The insurance industry is facing its very own Kodak moment. Forty years after the once heart-warming 1970s ad slogan became part of popular culture, it now has more inference to the company’s spectacular failure to act in the face of massive industry-wide
disruption than it does to capturing special moments. (Think Kodak vs. digital photography). The once-dominant market leader was virtually wiped out by its lack of strategic agility and failure to adapt to changing customer demands. Sound familiar? It should.
Insurance providers aren’t responding fast enough to digital transformation or changing customer behaviors. And the penalties aren’t just inefficiency, higher costs, or poor customer satisfaction, but rather long-term survival. So what’s the problem?
While many providers acknowledge the quagmire of their old best of breed, multiple disparate technologies, many think the quick fix answer lies in implementing a shiny new digital front end. It doesn’t. Front end implementation or a mobile app is no substitute
for business-wide digital transformation. The latter requires end-to-end processes from the front end all the way through the business to the back office, enabling a truly data-driven capability and a digital experience for customers, brokers, affiliate partners,
internal users, and all parties involved in the end-to-end process. Digital transformation must come from the core with a modern, dedicated digital platform supported by CEO buy-in – or you’ll simply spend a lot of money and time implementing fresh legacy
systems and creating even more complexity.
New competitors look very different today. The likes of
Google entering the insurance ecosystem – agile “digital natives” without the hindrance of any rusty legacy systems – are already starting to eat into the market share of traditional providers. And the more the market gets disrupted, the more new types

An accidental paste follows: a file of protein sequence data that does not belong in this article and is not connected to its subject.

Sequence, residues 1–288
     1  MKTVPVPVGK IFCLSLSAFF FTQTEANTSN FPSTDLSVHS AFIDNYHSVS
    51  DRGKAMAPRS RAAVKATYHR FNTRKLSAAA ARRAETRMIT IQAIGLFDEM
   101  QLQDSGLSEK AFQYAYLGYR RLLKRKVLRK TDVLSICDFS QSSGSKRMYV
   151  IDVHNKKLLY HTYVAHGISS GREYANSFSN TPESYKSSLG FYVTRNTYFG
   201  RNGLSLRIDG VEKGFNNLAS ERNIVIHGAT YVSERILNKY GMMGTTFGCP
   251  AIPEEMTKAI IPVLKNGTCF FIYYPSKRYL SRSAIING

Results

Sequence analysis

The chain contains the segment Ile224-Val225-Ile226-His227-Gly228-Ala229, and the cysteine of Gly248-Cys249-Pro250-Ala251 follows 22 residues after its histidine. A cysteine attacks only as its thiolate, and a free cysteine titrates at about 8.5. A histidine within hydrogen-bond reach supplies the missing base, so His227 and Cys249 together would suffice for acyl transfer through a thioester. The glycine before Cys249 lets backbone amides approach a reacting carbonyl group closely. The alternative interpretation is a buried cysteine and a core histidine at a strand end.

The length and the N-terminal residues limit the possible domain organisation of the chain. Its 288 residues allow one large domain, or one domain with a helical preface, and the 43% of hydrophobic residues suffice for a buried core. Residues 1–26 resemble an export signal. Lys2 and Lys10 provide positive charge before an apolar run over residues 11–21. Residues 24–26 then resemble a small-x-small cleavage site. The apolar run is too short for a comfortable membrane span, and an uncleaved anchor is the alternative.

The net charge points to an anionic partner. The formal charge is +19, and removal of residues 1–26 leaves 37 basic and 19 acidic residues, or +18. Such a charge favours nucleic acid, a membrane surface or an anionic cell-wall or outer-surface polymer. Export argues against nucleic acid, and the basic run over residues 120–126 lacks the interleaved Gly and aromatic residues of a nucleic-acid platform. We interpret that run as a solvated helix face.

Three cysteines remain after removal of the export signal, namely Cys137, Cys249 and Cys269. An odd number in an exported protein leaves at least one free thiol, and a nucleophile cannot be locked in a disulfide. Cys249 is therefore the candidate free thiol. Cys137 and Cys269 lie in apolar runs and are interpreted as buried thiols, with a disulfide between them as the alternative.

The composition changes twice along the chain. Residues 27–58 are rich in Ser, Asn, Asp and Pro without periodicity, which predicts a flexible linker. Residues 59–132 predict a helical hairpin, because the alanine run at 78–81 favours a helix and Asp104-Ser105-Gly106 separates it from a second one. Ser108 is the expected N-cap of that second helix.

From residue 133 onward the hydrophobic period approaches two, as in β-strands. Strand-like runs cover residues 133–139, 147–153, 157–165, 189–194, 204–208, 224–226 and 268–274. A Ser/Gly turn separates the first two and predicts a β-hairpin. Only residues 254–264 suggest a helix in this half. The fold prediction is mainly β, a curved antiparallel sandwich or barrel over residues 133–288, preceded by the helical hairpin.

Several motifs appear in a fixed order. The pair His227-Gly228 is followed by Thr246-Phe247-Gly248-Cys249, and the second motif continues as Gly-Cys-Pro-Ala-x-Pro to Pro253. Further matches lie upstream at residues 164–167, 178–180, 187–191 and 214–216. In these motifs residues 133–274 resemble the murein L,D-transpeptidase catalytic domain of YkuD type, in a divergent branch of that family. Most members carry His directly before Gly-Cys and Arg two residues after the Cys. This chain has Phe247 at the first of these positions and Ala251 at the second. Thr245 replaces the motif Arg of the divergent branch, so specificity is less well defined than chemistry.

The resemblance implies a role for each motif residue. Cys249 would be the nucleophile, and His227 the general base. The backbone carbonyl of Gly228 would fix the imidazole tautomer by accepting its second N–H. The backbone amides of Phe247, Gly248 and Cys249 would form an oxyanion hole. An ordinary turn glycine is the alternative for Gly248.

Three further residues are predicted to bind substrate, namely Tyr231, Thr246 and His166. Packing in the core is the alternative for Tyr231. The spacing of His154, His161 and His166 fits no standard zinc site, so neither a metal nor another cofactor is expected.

of competition emerge. As consumers turn to buying directly from online channels, we’ll see greater competition in the form of peer-to-peer insurance services, for example.
Likewise, today’s customers better understand the dynamics of insurance, and many are seeking out more self-service options. Customization and personalization will become much more important in the near term as customers want to select their own level of
coverage to match their life stage, lifestyle, and risk appetite and are not interested in the individual products insurers offer today. In the longer term, the next generation after this one will have its own set of preferences and demands. All of which requires
In my view, there’s still far too much complacency and inertia in the industry – with many “digital” advancements based on an individual’s efforts or low-cost projects within separate departments – to get around the lack of budgeted funds. This has to change.
Insurance providers have a limited runway. Society itself is changing rapidly, and technology is the accelerant. When lifestyles are changing, the market is changing, customer requirements are changing, competitors are changing, and business models are changing,
it’s time to embrace the changes. Stop implementing stopgap, piecemeal token gestures at the front end and tactical work-arounds, and start embarking on real transformation, harnessing meaningful, digital insights, better margins, and greater value.